Space probes and planetary rovers are humanity’s agents of extreme tourism, taking pictures of the grandest vistas of the solar system and beaming them back to earth for our delectation. And, just like seasoned earthbound tourists, who would not dream of leaving home without a good selfie stick, they are equipped with their own these days. Two weeks ago, Nasa’s Curiosity rover snapped a dramatic 360-degree panoramic selfie of itself on the Vera Rubin ridge, which it has been exploring for a year. And now, the Maven mission has celebrated four years in orbit around the Red Planet by snapping a selfie using its 12-metre boom.
It’s totally geeky, a composite picture in the ultraviolet band, normally invisible to human eyes. Spiders and some insects can see in ultraviolet, and many plain white flowers that are beneath the notice of gardeners and decorators burn like fireworks in the ultraviolet band, impressing pollinators no end. It is believed that many birds, cattle, reindeer, dogs, cats and bats can see ultraviolet pulsing on power lines, which is why they keep away from them while humans are unaffected. So it’s kind of ironic that the Maven has shot an ultraviolet selfie for human consumption.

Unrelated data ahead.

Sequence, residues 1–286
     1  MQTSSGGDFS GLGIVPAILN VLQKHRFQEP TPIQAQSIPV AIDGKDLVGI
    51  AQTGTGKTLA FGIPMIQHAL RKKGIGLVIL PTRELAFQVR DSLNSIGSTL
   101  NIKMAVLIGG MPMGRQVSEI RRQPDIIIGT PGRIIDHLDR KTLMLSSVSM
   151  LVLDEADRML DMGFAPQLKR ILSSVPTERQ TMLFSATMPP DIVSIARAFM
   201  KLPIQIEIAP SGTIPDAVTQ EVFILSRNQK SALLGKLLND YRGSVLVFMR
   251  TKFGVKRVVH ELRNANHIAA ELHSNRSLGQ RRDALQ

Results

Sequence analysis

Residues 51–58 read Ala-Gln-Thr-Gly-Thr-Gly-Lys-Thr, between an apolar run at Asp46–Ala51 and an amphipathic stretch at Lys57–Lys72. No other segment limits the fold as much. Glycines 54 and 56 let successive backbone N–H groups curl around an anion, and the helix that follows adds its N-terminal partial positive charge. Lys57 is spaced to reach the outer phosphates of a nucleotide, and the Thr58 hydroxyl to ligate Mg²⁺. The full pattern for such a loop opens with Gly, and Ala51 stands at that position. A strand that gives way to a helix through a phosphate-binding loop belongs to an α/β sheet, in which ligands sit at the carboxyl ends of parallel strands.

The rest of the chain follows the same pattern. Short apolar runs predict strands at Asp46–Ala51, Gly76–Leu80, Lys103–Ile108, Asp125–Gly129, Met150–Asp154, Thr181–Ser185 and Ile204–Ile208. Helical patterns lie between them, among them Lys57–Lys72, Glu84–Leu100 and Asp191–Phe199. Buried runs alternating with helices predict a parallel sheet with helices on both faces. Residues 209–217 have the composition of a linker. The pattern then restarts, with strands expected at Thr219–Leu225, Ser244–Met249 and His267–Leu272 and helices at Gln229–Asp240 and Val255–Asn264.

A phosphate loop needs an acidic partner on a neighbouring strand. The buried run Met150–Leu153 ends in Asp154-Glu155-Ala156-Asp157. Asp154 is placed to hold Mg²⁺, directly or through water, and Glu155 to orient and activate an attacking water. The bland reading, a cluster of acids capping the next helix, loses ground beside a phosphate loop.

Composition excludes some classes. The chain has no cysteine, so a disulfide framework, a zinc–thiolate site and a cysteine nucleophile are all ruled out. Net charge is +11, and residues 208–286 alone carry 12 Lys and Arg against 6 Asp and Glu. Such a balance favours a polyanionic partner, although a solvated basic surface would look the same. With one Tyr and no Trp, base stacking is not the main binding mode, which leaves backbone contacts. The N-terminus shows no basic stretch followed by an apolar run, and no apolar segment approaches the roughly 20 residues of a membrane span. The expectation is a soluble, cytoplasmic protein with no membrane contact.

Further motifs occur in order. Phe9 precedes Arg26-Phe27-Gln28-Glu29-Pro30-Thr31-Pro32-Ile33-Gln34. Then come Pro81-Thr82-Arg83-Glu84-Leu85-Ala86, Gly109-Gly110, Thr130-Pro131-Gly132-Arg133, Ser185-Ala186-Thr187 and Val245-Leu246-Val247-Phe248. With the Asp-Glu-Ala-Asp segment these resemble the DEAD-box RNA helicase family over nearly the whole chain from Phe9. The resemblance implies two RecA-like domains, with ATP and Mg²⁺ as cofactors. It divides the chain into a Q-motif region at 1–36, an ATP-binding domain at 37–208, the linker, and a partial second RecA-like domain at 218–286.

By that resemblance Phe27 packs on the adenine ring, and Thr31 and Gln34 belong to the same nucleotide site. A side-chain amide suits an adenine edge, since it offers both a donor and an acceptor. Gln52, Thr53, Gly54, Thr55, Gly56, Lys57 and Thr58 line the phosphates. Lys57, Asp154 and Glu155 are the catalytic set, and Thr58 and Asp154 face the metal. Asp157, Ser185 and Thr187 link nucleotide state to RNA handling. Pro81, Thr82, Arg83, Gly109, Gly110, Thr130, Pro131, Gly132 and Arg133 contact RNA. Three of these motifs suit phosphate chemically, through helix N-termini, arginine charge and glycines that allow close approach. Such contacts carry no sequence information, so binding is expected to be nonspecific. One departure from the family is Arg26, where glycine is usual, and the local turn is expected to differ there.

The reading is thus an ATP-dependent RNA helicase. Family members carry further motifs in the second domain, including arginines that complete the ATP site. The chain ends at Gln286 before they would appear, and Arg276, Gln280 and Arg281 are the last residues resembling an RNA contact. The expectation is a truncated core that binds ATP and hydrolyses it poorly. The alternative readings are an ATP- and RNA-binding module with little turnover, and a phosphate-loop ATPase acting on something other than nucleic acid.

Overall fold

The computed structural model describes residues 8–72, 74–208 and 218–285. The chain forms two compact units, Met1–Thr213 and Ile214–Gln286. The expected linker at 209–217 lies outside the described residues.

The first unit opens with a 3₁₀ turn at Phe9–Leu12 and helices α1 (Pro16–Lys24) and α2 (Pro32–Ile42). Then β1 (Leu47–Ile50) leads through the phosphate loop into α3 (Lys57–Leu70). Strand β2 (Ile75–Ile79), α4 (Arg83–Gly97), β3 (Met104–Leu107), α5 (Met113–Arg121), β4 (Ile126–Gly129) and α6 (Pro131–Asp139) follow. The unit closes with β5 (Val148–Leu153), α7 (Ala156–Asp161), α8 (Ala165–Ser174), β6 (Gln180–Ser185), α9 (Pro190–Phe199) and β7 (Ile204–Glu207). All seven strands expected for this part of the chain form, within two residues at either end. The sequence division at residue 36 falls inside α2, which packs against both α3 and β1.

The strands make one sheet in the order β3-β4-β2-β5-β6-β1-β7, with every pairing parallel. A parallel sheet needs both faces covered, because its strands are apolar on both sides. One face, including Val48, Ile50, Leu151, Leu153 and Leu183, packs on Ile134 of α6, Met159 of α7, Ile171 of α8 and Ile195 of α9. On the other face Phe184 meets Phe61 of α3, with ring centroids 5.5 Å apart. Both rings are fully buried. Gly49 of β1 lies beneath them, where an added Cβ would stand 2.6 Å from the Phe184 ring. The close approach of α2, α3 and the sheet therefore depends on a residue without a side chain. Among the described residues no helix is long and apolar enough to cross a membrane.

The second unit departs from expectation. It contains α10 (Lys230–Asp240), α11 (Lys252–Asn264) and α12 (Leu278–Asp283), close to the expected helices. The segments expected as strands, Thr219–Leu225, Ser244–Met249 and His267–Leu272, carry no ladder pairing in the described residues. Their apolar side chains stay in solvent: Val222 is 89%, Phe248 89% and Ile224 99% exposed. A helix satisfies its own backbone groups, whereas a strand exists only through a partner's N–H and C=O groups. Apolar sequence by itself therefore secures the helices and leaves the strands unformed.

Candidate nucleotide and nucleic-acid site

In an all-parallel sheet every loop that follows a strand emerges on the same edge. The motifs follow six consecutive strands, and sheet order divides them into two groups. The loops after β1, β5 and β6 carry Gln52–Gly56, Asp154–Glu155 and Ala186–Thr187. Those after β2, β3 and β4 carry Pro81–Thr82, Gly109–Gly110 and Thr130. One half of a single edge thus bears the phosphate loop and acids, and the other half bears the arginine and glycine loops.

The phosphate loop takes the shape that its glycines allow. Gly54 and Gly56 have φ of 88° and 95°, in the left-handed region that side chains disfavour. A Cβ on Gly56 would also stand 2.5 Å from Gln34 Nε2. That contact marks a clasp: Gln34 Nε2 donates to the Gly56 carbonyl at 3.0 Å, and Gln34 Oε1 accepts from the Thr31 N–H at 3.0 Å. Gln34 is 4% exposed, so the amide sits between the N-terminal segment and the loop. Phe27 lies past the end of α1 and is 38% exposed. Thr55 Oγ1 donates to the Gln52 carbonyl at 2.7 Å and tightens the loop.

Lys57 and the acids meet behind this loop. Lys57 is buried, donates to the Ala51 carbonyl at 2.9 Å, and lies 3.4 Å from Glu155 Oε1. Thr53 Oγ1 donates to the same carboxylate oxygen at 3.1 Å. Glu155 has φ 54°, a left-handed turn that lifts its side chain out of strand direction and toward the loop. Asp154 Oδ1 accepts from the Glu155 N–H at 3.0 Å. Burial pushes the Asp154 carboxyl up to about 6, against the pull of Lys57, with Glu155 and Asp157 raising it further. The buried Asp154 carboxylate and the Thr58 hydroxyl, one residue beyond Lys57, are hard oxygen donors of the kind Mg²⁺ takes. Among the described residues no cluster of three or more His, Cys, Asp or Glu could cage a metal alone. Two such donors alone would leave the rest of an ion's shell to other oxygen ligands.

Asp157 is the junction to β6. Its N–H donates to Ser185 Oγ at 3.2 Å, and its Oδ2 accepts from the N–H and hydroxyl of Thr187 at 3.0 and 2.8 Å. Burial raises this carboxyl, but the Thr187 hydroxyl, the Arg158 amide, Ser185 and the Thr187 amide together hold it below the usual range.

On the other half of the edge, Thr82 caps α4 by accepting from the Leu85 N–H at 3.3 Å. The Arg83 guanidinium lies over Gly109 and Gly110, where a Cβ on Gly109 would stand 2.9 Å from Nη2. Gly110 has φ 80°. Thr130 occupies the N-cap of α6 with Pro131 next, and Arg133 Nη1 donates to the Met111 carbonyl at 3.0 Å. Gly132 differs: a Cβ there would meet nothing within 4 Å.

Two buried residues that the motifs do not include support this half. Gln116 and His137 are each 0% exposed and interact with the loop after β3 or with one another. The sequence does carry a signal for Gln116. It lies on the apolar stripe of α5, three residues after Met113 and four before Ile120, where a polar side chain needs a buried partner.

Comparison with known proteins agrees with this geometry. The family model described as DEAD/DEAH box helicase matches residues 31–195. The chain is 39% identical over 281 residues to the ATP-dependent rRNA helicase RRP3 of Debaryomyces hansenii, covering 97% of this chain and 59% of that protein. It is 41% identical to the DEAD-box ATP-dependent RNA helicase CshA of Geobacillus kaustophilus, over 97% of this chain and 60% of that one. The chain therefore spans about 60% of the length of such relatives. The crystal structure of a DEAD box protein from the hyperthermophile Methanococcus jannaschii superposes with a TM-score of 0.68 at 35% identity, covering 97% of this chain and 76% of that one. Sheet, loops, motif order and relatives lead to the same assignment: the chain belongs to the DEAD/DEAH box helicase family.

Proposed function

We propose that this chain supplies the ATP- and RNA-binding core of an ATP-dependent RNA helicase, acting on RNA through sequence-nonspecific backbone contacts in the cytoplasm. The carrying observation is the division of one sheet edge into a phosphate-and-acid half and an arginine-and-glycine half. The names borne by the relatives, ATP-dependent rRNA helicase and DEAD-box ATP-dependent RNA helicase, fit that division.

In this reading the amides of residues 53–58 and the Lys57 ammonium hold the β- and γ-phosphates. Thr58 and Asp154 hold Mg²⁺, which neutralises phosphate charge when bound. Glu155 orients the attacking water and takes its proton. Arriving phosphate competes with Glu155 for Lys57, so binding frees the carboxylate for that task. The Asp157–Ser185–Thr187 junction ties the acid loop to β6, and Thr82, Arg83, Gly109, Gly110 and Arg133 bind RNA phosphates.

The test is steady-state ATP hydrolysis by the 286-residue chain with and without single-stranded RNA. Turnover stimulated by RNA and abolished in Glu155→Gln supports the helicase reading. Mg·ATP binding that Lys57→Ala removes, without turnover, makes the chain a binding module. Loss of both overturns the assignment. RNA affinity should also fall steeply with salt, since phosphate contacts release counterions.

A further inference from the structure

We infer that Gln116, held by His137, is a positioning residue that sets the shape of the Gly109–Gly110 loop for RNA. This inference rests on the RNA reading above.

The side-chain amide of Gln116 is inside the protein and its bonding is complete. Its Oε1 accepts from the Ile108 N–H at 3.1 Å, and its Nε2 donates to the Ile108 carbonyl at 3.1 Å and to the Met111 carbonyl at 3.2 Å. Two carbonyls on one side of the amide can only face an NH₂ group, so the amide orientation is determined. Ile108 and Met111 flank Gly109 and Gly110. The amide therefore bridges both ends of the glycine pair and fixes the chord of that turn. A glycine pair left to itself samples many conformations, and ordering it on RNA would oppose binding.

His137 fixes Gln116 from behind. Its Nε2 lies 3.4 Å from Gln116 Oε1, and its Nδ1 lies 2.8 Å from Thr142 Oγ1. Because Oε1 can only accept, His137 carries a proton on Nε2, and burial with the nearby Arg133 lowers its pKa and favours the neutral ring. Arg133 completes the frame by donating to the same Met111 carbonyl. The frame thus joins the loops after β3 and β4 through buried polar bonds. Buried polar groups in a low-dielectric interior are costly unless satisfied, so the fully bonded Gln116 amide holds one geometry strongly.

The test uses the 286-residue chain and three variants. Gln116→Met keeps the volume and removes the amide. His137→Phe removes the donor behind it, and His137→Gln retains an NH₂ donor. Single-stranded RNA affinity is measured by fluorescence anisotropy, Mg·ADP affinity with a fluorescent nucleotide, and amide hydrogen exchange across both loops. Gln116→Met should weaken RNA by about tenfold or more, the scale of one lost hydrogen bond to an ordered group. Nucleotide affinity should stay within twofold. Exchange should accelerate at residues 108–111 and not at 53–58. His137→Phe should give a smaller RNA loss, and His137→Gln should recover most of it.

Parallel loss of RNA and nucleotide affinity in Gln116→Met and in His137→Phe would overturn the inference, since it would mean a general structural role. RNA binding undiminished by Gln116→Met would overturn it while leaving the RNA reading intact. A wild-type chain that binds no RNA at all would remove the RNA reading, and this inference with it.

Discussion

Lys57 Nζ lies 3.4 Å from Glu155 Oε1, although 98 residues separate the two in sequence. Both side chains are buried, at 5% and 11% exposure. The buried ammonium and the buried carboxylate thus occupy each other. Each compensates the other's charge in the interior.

But before taking time off to carry on like a geeky space tourist, Maven performed the remote sensing component of its job card. It has established that solar storms had stripped the atmosphere on Mars, that this was the driver of climate change, that most of the planet’s carbon dioxide is lost to space, and that terraforming the planet would be far more difficult than anticipated. That’s a lot of groundbreaking work for one orbiter to do. Maven has done enough to deserve a quick holiday, and snap itself a nice selfie for the folks back home.